One of the first changes on April 27 was the reboot of real estate showings, which had been nixed earlier this month. And according to Victoria Macaskill of Denver Homes, the first two days under the new edict have been "crazy," suggesting that there's plenty of pent-up demand in what had been one of America's hottest housing markets prior to the fiscal blow struck by the novel coronavirus.
At Westword's request, Macaskill recently analyzed the Denver real estate market during the stay-at-home order, which expired on April 26. She noted that while there were occasional reductions and withdrawn listings between late March, when the lockdown began, and mid-April, prices were holding steady for the most part, reflecting considerable demand.
And based on her experiences over the past 48 hours, Macaskill says, that demand is definitely there. She even saw multiple offers on some properties, which were widely thought to be a thing of the past.
"We have had two days of showing homes so far, and things seem to be brisk," she reveals. "Monday I showed a home in Edgewater that my buyer submitted an offer on. We were up against another offer and we didn't win, despite offering very close to the asking price. Tuesday I showed a home in Berkeley that a second buyer offered on. We were the fourth offer to submit, and the agent said they were expecting additional offers. Just crazy."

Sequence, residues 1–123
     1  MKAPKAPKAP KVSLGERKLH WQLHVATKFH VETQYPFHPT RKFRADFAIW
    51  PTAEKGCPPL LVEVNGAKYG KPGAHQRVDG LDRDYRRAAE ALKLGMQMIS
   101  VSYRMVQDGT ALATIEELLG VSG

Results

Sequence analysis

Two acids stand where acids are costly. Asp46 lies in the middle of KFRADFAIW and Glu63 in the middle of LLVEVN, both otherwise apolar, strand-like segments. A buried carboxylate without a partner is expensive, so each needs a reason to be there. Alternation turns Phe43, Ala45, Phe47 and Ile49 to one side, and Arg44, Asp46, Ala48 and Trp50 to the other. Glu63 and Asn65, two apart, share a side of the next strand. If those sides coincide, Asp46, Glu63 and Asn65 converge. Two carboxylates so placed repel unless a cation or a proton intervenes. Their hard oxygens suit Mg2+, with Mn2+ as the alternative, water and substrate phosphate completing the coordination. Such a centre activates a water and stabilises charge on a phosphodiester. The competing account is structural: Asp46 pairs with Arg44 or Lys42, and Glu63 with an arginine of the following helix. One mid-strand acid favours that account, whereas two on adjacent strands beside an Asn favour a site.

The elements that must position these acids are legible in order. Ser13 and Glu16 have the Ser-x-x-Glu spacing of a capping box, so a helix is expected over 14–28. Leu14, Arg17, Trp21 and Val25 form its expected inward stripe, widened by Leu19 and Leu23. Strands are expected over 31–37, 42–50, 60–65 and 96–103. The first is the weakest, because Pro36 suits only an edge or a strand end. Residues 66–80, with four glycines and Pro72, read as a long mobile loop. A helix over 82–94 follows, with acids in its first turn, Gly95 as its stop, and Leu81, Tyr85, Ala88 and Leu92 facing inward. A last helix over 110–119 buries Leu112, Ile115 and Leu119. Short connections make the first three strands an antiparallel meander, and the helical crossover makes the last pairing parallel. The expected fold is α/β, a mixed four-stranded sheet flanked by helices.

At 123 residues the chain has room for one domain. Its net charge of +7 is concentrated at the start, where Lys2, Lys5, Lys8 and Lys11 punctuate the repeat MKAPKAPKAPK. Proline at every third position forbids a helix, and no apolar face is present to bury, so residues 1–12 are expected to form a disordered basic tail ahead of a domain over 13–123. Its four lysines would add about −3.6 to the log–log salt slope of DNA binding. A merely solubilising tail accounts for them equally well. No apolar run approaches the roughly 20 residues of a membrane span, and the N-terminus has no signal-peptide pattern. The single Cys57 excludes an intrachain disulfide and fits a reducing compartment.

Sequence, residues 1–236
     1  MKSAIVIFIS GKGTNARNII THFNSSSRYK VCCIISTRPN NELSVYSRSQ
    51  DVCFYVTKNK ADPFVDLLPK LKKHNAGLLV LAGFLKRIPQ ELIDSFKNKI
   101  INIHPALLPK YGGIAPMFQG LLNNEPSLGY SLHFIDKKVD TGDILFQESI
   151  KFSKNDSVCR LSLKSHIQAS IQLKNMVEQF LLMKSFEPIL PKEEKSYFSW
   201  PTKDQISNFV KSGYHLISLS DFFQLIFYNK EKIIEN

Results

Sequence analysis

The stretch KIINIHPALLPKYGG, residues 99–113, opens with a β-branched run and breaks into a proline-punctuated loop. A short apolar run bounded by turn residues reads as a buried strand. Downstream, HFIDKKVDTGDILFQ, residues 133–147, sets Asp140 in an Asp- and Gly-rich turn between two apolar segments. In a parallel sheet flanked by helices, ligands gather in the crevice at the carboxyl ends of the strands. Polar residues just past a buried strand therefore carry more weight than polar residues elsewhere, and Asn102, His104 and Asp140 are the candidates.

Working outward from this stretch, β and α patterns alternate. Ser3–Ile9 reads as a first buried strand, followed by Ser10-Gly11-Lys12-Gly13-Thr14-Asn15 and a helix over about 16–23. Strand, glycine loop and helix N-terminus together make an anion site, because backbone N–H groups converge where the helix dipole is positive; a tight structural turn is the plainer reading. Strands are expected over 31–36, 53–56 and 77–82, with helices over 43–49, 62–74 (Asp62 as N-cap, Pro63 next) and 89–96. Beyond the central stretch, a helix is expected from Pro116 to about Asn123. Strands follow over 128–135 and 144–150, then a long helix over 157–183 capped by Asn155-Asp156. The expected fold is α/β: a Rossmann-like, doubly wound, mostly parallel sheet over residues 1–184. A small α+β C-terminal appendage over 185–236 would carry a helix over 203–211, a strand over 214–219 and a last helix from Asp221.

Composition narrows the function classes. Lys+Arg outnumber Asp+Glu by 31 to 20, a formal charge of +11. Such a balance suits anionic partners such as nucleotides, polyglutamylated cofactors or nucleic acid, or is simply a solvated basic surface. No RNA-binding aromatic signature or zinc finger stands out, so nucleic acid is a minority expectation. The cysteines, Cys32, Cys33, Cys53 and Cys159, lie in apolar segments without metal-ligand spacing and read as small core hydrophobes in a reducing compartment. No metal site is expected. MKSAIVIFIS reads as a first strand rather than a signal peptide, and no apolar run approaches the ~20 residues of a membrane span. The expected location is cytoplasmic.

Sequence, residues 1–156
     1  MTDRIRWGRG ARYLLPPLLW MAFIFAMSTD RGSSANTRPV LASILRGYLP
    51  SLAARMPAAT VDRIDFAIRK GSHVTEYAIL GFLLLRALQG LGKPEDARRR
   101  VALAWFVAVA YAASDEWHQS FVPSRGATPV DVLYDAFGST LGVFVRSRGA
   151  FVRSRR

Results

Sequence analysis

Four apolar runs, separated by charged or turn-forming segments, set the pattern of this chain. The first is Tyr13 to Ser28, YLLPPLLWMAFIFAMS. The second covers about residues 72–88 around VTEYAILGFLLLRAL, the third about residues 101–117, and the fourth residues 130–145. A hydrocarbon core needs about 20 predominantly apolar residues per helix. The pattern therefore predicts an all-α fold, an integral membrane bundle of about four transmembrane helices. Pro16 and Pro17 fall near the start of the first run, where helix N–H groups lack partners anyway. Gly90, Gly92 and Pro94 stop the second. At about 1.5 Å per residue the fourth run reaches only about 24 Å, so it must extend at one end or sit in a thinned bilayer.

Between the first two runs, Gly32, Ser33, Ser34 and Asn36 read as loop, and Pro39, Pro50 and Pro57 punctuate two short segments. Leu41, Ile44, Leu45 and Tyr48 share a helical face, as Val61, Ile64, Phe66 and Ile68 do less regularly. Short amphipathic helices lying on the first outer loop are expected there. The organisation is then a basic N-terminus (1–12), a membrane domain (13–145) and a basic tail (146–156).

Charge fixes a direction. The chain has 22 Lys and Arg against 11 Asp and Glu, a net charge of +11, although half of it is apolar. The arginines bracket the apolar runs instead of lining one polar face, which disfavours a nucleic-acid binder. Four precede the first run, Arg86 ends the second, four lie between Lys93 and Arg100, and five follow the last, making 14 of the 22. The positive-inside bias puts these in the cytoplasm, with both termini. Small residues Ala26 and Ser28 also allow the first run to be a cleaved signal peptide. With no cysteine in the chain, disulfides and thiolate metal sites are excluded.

Granted, she continues, "both of these homes were priced below $600,000 and in very desirable areas, so I don't think this is the norm across the entire metro area or across price points."
Her interpretation: "Inventory is so far below average for this time of year, and now you have buyers who can finally get out and see homes again — and it's creating a perfect storm. It could be that buyers are also very sick of their homes or rentals, and are ready more than ever to get a bigger or better space after being quarantined for so long. We are seeing this initial surge in demand."
But this level of interest could plateau "as we see more inventory hit the market over the next few weeks," she acknowledges. "I suspect that this could be price point- and neighborhood-driven. The luxury market over $750,000 may not be experiencing the same surge, given the retraction in jumbo lending that the market is experiencing."
In the meantime, though, "It's all-out war there right now for these buyers."
And we're just starting day three.